Squatting on a concrete floor with nails, wires and a plug socket scattered around his feet, Naimatullah goes carefully about his business.
“This is the detonator for the bomb,” he says in a soft voice, a small object in his hand. Then he scoops up some white powder, packing it into a plastic drinks bottle. “These are very tasty explosives, very strong,” he says.
The camera tracks Naimatullah’s hands as he crams nails, fertiliser, petrol and lime into a yellow bucket. The bomb he is making is designed to explode with a lethal burst of shrapnel, slicing through the flesh of British and American soldiers in Afghanistan. The petrol will set fire to their “infidel tanks”, he adds.
The 25-year-old Pashtun, with a neatly trimmed beard, is one of the Taliban’s bombmaking masterminds. Last week, in an interview with The Sunday Times, he displayed the video, filmed on a mobile phone, showing himself at work. It will soon be used to help train other bomb makers.
Every year Naimatullah crosses the border into Pakistan and spends a couple of months at a Taliban camp, teaching his deadly art to the next generation of bomb specialists.
The toll is heavy. Last Wednesday Corporal Stephen Curley, 26, a Royal Marine, became the latest British casualty following a blast in Helmand province. In total 181 British servicemen and women have been killed by bombs since mid-2007. Last year nearly 400 Nato troops died in explosions and 1,800 were badly wounded.
On the same day that Curley died, Naimatullah described how he operates. “I enjoy killing foreign soldiers,” he said. “I am serving my God and my nation and I am training others to do the same.”
He boasted that he had killed “lots” of American troops only a fortnight earlier by detonating a bomb under a US armoured vehicle. That attack took place in Khost province in southeast Afghanistan, where he leads a 10-man explosives unit. But his expertise has been passed on to Taliban cells operating across the entire country.
Among the victims in Helmand have been four of the most highly trained British bomb disposal experts, including Staff Sergeant Olaf Schmid. Last week it emerged that their chief, Colonel Bob Seddon, has resigned, citing concerns about the amount of pressure that his men are facing in Afghanistan.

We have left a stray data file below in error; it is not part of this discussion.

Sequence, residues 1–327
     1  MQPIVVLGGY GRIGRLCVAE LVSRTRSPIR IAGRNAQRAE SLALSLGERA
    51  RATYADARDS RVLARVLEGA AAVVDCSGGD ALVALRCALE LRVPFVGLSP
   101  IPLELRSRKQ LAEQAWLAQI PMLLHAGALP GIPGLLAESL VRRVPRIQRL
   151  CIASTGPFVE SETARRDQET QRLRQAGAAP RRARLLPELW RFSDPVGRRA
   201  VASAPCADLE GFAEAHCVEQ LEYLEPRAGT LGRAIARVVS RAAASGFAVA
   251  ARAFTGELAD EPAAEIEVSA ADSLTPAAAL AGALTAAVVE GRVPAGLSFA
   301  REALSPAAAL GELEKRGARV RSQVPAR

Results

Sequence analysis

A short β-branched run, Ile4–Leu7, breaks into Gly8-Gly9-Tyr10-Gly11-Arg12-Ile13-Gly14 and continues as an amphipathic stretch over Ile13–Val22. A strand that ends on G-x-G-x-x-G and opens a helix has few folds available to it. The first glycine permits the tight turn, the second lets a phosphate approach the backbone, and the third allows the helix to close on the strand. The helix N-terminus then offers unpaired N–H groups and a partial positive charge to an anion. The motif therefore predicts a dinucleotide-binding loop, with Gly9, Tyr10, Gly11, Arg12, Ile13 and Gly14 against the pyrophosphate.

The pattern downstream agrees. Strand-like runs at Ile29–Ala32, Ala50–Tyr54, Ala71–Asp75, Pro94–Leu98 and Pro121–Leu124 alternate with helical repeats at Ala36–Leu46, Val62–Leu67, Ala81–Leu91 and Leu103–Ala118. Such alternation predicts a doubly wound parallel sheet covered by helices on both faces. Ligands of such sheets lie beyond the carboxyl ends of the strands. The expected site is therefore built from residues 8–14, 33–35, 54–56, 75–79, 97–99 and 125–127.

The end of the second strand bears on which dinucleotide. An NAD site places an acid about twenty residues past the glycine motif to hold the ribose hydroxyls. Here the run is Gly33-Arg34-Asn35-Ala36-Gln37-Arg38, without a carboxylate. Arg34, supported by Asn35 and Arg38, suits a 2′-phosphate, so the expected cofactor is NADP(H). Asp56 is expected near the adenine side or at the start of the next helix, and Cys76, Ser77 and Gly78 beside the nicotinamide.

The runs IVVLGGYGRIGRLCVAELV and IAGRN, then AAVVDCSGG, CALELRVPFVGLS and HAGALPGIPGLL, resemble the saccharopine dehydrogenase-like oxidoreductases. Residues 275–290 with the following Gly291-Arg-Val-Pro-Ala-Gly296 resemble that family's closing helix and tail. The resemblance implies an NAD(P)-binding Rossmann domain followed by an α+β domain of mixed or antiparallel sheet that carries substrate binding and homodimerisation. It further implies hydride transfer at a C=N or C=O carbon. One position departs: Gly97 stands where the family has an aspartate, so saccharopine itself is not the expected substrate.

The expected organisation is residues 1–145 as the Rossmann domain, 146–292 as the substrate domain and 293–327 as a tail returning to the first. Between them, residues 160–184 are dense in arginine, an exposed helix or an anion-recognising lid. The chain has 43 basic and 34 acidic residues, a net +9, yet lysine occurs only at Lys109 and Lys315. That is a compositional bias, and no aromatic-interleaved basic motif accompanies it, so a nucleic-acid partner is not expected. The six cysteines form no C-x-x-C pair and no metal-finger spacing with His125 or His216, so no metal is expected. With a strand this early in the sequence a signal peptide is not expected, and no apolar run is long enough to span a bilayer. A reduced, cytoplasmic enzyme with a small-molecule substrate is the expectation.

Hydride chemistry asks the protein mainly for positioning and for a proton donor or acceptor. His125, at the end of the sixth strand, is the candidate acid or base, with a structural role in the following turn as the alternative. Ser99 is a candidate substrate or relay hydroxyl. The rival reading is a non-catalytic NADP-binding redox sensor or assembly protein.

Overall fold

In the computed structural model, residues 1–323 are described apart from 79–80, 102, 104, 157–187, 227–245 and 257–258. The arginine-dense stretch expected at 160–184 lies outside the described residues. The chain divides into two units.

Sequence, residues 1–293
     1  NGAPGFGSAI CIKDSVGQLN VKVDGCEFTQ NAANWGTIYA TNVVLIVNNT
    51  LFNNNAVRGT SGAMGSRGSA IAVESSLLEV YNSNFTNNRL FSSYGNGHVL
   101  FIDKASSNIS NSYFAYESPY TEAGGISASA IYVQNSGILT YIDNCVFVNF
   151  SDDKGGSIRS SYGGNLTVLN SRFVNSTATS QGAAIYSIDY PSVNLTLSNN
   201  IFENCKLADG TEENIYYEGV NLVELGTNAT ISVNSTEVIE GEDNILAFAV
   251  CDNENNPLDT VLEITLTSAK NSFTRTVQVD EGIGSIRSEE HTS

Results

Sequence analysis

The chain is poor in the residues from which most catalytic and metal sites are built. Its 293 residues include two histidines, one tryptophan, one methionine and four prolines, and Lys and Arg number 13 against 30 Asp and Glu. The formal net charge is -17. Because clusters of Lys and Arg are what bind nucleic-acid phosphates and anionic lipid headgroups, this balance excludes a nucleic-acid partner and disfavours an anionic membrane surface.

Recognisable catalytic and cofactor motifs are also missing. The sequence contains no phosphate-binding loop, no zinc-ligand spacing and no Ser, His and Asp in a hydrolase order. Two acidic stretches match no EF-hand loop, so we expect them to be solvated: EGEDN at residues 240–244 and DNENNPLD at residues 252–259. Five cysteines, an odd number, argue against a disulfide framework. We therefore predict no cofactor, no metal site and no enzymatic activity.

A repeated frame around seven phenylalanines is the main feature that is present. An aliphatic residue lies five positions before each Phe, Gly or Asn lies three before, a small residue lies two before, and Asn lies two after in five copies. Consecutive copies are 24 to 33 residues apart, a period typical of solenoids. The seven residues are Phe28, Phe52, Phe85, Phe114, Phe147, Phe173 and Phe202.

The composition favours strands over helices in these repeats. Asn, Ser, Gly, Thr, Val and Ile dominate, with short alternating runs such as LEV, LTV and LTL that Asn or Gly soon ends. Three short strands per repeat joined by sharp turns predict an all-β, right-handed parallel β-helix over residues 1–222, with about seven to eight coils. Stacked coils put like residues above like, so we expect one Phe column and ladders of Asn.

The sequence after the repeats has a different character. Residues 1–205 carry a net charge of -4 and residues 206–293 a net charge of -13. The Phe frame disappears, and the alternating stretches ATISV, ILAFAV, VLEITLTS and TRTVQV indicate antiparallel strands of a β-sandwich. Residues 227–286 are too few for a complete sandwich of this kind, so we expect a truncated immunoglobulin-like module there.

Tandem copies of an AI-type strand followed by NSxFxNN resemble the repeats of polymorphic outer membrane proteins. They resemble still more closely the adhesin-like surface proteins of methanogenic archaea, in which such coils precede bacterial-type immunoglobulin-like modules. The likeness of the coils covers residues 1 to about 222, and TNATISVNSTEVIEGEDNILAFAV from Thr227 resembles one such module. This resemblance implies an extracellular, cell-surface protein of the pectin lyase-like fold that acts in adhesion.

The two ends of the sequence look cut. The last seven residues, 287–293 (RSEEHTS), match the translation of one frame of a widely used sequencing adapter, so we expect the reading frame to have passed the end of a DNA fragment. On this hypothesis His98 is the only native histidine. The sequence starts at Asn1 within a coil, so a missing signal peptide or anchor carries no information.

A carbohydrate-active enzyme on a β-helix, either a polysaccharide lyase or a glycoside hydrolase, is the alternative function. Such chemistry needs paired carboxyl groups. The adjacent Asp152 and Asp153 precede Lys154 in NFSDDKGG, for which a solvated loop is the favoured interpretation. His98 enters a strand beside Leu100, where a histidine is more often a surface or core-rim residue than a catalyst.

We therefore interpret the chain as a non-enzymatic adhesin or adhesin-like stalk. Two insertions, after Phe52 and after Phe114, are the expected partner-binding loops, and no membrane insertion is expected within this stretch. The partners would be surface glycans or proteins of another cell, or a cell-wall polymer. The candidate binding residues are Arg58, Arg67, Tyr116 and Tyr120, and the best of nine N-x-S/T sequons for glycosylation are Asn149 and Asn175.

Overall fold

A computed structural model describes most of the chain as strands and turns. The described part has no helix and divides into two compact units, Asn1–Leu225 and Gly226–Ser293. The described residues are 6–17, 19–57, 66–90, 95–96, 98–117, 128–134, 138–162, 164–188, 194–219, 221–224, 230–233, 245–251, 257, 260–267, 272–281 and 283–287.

In 2007 there were 2,600 attacks using homemade bombs. In January alone this year there were 1,000 bomb attacks. Faced with such an onslaught, have Britain and its allies underestimated their enemy? And what can they do to counter bombers such as Naimatullah?
SITTING cross-legged on the floor of a safe house in Kabul, Naimatullah appeared far from threatening when I met him last week. Despite his relative youth, he was already going bald. “It is because I normally wear a turban,” he explained, smiling.
A friend who grew up with him in the same village had persuaded Naimatullah to break cover. The son of a peasant farmer, he looked uncomfortable in the presence of a western “infidel”. He refused to reveal his real name, spoke monosyllabically to begin with and avoided making eye contact.
He said he wanted to be interviewed so he could correct some of the common misconceptions about the Taliban. The meeting was also an opportunity for him to demonstrate his handiwork by giving me a copy of his training video.
“The foreigners say we are paid to lay the bombs,” he said. “They call us the $10 fighters. This is all lies. We are not paid a regular salary. If the little money we do receive stopped coming to us then we would still continue our jihad for as long as we could afford.”
Five years earlier Naimatullah’s father sent him to a madrasah across the border in North Waziristan where he studied the Koran, sharia and the tenets of jihad, or holy war.
“The mullahs would tell us how the infidels had invaded our homeland,” he said.
“They did not come for reconstruction — it is a lie. They just came to ruin the country and to kill Muslims. Of course I agreed with what they taught me. We could see what was happening.”
Within months he had joined the Taliban, initially working as a foot soldier in his home province of Khost. He swiftly gained a reputation among his peers as a fearless commander, often volunteering to lie in ambush closest to advancing US troop convoys.
Naimatullah’s dedication paid off and his commander eventually sent him back to school, this time to a madrasah in Pakistan’s North West Frontier province. On his first day there, a leading cleric stood up in front of the pupils and asked them what they would rather be: a suicide bomber, a bomb maker or a fighter.